Such a deduction was certain to excite astonishment. It was contradicted first by the learned historian of botany, Prof. E. H. F. Meyer, of the University of Königsberg. Prof. Meyer refused to acknowledge the remote antiquity of a composition so scientifically arranged, so diffuse, and bearing the marks of science rather in its decay than in its early rise. Various peculiarities appeared to him to add great weight to this theory. For instance, one of the works quoted in “The Agriculture” was written in rhyme; now rhyme is never found among the Shemitic nations, till from the end of the fifth to the sixth century of our era; many names of plants in the translation of Ibn Wahshíya are taken from the Greek; the whole theory of the book bears a strong resemblance to that of the Greek and Latin agriculturists; the astronomy which it promulgates contains notions which were not popular till the Roman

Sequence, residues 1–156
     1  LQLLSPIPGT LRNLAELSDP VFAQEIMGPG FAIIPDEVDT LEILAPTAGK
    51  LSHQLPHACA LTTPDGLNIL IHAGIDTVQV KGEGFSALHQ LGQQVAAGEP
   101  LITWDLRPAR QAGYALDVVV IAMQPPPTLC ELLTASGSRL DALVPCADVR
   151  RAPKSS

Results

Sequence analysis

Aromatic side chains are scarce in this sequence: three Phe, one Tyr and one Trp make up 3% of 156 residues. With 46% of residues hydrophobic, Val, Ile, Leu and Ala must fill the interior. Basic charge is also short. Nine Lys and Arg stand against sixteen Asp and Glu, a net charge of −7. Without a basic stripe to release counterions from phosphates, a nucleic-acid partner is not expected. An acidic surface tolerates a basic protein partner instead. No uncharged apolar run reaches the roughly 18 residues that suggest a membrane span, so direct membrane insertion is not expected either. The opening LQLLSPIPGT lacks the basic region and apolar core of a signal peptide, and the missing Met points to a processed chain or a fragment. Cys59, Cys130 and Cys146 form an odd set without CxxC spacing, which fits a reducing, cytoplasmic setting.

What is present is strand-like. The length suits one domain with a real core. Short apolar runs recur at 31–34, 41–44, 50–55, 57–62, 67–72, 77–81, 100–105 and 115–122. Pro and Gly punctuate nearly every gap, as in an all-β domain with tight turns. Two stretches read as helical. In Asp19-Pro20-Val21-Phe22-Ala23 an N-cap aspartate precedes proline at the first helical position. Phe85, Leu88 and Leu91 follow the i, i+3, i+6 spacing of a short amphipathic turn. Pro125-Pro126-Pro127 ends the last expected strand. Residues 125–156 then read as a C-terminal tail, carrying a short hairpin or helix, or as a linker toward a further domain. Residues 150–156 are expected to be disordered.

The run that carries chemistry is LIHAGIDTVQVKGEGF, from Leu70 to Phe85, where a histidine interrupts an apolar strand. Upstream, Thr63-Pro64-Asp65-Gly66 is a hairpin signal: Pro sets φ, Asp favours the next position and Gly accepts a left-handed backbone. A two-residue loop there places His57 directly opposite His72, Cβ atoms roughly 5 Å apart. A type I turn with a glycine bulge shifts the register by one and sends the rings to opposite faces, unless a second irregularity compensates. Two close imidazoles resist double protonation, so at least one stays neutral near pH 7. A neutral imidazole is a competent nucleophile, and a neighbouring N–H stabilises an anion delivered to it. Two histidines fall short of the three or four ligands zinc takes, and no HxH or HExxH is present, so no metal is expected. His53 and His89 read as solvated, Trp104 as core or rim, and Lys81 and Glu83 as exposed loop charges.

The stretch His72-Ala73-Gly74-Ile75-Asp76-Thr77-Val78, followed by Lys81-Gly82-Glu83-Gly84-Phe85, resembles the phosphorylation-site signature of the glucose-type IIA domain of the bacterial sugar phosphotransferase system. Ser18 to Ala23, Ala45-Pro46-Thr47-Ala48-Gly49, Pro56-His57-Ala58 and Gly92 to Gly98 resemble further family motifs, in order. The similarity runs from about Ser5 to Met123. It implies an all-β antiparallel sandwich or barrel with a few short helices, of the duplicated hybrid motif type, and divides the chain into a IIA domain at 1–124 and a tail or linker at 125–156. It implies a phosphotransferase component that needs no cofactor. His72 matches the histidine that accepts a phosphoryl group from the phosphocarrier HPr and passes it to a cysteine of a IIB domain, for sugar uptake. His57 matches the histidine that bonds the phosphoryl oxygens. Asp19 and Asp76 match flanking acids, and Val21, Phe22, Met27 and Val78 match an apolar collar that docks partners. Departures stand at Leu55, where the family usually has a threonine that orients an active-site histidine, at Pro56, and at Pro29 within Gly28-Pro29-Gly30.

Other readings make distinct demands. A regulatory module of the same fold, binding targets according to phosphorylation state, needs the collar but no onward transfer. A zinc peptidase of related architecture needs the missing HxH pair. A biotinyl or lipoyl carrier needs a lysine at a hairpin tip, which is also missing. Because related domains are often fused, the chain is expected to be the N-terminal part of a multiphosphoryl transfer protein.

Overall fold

- “Geschichte der Botanik,” t. III. (Königsberg, 1856), p. 43 and following.